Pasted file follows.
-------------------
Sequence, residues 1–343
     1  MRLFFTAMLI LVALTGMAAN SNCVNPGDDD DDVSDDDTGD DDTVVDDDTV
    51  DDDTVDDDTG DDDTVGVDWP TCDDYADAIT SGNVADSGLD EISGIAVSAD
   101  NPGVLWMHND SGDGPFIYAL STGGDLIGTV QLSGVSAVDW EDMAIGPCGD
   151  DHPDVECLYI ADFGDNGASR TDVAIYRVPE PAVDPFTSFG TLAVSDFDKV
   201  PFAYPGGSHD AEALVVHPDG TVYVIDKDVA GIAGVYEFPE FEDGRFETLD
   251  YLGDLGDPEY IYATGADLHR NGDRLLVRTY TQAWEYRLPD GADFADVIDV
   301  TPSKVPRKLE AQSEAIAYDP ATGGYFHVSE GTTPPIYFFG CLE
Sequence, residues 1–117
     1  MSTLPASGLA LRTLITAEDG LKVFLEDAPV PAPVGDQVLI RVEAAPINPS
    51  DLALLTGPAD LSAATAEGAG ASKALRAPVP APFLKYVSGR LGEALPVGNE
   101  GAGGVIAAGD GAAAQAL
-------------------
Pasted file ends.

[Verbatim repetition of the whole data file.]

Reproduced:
Sequence, residues 1–343
     1  MRLFFTAMLI LVALTGMAAN SNCVNPGDDD DDVSDDDTGD DDTVVDDDTV
    51  DDDTVDDDTG DDDTVGVDWP TCDDYADAIT SGNVADSGLD EISGIAVSAD
   101  NPGVLWMHND SGDGPFIYAL STGGDLIGTV QLSGVSAVDW EDMAIGPCGD
   151  DHPDVECLYI ADFGDNGASR TDVAIYRVPE PAVDPFTSFG TLAVSDFDKV
   201  PFAYPGGSHD AEALVVHPDG TVYVIDKDVA GIAGVYEFPE FEDGRFETLD
   251  YLGDLGDPEY IYATGADLHR NGDRLLVRTY TQAWEYRLPD GADFADVIDV
   301  TPSKVPRKLE AQSEAIAYDP ATGGYFHVSE GTTPPIYFFG CLE
Sequence, residues 1–117
     1  MSTLPASGLA LRTLITAEDG LKVFLEDAPV PAPVGDQVLI RVEAAPINPS
    51  DLALLTGPAD LSAATAEGAG ASKALRAPVP APFLKYVSGR LGEALPVGNE
   101  GAGGVIAAGD GAAAQAL